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UK women 'unaware' of HPV cancer link

According to research published in the British Journal of Cancer, a large majority of UK women did not know that most cervical cancer is caused by a sexually transmitted infection.

According to research published in the British Journal of Cancer, a large majority of UK women did not know that most cervical cancer is caused by a sexually transmitted infection.

In a survey of 1,600 women, only 2.5 per cent cited human papillomavirus (HPV) as a risk factor for cervical cancer. Researchers said the results were "striking" considering recent publicity over the development of a HPV vaccine.

Merck & Co's Gardasil and GlaxoSmithKline's (GSK) Cervarix HPV vaccines have both demonstrated efficacy against the strains most commonly linked with cervical cancer. Gardasil reached market first.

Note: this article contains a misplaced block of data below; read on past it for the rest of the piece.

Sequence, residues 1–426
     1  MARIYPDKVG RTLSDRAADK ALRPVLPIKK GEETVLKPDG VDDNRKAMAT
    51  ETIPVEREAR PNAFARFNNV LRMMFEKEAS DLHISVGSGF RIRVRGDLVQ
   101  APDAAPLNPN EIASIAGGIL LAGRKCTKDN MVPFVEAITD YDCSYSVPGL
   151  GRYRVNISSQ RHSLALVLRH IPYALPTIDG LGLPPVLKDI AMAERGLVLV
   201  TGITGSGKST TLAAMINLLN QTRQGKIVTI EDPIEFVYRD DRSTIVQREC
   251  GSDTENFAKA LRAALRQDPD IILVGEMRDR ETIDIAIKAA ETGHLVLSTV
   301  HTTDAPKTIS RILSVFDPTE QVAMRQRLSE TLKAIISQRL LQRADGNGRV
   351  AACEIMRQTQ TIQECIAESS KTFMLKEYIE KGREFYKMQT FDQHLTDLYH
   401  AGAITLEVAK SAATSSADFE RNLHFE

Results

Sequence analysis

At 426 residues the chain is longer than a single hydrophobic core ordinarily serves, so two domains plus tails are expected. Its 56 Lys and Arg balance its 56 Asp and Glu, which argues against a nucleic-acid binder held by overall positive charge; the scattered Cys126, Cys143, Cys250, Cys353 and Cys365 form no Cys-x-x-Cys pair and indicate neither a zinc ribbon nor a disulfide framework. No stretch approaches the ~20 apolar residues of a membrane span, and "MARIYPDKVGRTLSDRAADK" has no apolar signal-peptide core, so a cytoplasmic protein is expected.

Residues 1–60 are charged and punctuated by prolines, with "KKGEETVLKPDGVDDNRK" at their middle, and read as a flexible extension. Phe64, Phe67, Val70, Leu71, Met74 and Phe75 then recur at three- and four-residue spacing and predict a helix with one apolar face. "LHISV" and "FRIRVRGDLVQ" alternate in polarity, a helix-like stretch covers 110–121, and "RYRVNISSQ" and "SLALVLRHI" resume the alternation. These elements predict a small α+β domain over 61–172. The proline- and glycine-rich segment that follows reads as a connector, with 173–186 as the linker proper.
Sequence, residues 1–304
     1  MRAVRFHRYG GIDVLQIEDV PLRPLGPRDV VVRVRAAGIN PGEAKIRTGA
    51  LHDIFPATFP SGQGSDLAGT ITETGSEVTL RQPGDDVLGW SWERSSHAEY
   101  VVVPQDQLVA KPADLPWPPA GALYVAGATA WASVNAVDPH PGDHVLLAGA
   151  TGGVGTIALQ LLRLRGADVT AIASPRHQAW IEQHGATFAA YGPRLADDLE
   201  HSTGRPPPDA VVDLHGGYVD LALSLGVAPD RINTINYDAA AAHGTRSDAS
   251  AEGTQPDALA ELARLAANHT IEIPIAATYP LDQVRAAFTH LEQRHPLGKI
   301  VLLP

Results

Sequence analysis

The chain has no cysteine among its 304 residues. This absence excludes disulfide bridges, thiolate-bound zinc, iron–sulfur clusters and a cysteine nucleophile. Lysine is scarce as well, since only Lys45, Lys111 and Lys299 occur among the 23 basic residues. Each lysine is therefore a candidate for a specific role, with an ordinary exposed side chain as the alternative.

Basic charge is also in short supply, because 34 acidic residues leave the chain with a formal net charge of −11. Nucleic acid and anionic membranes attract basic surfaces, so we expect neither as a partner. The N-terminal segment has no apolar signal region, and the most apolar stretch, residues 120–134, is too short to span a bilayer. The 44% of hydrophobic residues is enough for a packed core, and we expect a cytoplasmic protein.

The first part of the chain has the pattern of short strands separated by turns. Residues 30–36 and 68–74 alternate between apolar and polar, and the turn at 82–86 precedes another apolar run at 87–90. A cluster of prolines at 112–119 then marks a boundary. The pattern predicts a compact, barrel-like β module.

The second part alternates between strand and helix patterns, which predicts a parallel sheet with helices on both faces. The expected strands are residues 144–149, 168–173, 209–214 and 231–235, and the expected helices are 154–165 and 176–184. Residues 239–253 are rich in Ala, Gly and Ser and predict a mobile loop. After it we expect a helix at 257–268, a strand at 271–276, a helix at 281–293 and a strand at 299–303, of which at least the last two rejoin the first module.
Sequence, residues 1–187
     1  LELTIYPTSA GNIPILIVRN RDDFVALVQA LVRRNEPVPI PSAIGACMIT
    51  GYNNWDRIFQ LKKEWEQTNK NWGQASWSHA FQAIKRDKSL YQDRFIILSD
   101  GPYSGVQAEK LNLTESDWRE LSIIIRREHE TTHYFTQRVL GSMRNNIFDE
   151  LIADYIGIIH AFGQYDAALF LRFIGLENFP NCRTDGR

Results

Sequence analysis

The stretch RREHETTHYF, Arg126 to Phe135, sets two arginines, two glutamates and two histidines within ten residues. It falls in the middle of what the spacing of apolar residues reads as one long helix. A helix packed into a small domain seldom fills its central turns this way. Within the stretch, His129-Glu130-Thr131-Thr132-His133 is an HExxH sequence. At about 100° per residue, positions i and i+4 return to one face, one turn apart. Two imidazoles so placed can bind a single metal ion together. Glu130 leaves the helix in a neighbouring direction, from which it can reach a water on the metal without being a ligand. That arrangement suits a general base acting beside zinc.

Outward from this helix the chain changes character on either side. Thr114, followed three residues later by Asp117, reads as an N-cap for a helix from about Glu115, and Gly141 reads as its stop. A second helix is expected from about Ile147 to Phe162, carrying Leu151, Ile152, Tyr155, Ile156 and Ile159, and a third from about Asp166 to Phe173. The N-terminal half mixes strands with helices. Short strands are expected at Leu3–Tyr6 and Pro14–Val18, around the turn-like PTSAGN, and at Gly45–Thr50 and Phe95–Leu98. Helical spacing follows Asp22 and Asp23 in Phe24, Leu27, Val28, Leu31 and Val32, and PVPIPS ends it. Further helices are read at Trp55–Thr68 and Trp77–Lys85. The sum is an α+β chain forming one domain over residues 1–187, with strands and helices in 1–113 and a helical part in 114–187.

In June 2007, advisors to the UK government recommended vaccinating girls aged between 12 and 13 years and also suggested that HPV testing should be combined with cervical screening.

The survey which was performed at the beginning of 2007 showed a three-fold increase in the number of women who were able to list HPV as a cause of the infection - but the figure is still "extraordinarily low", concluded the researchers.

13th August 2007

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